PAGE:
Do I need a root canal?
Before the practice of dentistry became more advanced, teeth with diseased nerves were pulled from the mouth. Thankfully, through root canal therapy, diseased teeth can be saved. In most cases, endodontic treatment is a simple procedure involving little or no discomfort. We mean it! Root canals aren't as bad as they once were and most people go through a root canal with little pain.
Over the years, root canal therapy has gotten a bad reputation for being painful and unpleasant. This is a misconception. While there might be some discomfort during an endodontic treatment, most people find it to be manageable. One thing is certain, the procedure is often necessary and it is often the only way to save teeth from extraction.
A root canal is needed when infections within the pulp of the tooth make it sensitive and painful. If left untreated, the infection can spread through the dental pulp to the gums and into the jawbone and cause many other serious health issues. When these infections occur, restorative dentistry is necessary – not just for dental health but for overall well-being. Only your dentist will be able to properly identify whether or not a root canal will be necessary for your dental health.
How does root canal therapy work?
In order to understand root canal therapy, one must understand the structure of the tooth. Beneath the outer enamel and dentin layer of the tooth is a hollow chamber, often called the “root canal.” This chamber within a tooth is filled with a substance known as dental pulp, which contains nerve endings and blood vessels and leads into the root and jawbone.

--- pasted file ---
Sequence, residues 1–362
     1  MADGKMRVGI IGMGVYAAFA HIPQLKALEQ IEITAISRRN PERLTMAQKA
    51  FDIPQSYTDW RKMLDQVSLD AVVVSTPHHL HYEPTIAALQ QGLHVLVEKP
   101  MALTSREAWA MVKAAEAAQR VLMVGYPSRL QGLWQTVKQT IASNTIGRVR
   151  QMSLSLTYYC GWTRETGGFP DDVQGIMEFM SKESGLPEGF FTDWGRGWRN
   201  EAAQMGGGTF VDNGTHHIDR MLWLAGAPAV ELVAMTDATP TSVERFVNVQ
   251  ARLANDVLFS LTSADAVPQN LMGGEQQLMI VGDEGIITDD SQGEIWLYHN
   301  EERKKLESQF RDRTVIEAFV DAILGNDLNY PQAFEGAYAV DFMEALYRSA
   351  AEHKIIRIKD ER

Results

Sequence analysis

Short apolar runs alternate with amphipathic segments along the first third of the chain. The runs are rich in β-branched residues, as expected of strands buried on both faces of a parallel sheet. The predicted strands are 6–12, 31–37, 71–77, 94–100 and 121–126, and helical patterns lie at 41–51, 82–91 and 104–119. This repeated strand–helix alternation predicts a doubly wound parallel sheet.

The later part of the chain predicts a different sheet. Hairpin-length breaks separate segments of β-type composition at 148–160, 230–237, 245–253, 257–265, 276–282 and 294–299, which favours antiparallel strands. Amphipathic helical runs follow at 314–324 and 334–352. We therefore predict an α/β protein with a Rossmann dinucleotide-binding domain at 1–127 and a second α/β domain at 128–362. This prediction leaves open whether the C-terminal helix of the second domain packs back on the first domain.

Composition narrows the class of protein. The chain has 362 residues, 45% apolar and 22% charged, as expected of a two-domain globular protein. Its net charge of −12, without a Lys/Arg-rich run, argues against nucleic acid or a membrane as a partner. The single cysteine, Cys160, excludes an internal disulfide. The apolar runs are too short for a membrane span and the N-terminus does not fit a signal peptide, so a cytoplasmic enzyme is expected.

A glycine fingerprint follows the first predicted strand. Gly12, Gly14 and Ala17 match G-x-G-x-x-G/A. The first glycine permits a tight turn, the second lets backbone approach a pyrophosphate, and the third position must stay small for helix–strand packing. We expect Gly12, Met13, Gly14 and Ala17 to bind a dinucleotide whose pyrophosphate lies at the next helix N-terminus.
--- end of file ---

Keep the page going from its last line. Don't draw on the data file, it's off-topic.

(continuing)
Dental pulp, which laces downward into the root, is the substance that supplies the tooth with nutrients, connective tissue, nerves and blood vessels. It is also essential for proper sensation in the tooth. Oftentimes, when a patient has a deep cavity, some of the decay can seep into the pulp and cause it to die. Worse yet, if the diseased pulp is left in the tooth it can become infected, which might result in the need for extraction.
Root canal therapy allows the dentist to completely remove the infected pulp, clean out the canal and seal up the tooth. The goal here is to protect the tooth from further damage and save it from being extracted. After creating an opening in the crown of the tooth, the dentist uses a series of tiny files to completely remove the pulp from the canal. Once it is cleaned out, the pulp chamber is permanently filled and a temporary filling is placed on top. To complete the restoration, the patient ultimately receives a permanent filling or crown.
What happens after a root canal?
Your Colorado Springs dentist might mention the need for a crown after a root canal, but there is an intermediate step that is often recommended. It is called the “post and core build up.” The first step is when the dentist places a post in the tooth to support its internal structure. After the post is in place, the tooth is filled with new core material, and once that is hardened the tooth is shaped and prepared to receive a crown. Dr. Tara Pool will then take an impression of the tooth that is sent to a dental laboratory so a crown can be custom-crafted to fit precisely in your mouth.
Can root canal infections be prevented?
As one of the best Colorado Springs dentists, Dr. Tara N. Pool is very adept at educating patients about dental hygiene and safety. As part of her preventative dentistry practice, she recommends the following habits:
- Brush your teeth at least twice a day
- Floss at least once a day
- Visit the dentist twice a year for a regular checkup
- Wear a protective mouthpiece during contact sports
If you would like more information about how root canal therapy can benefit you, be sure to contact a Colorado Springs dentist today. The entire team looks forward to meeting you in person and helping you achieve optimal dental health.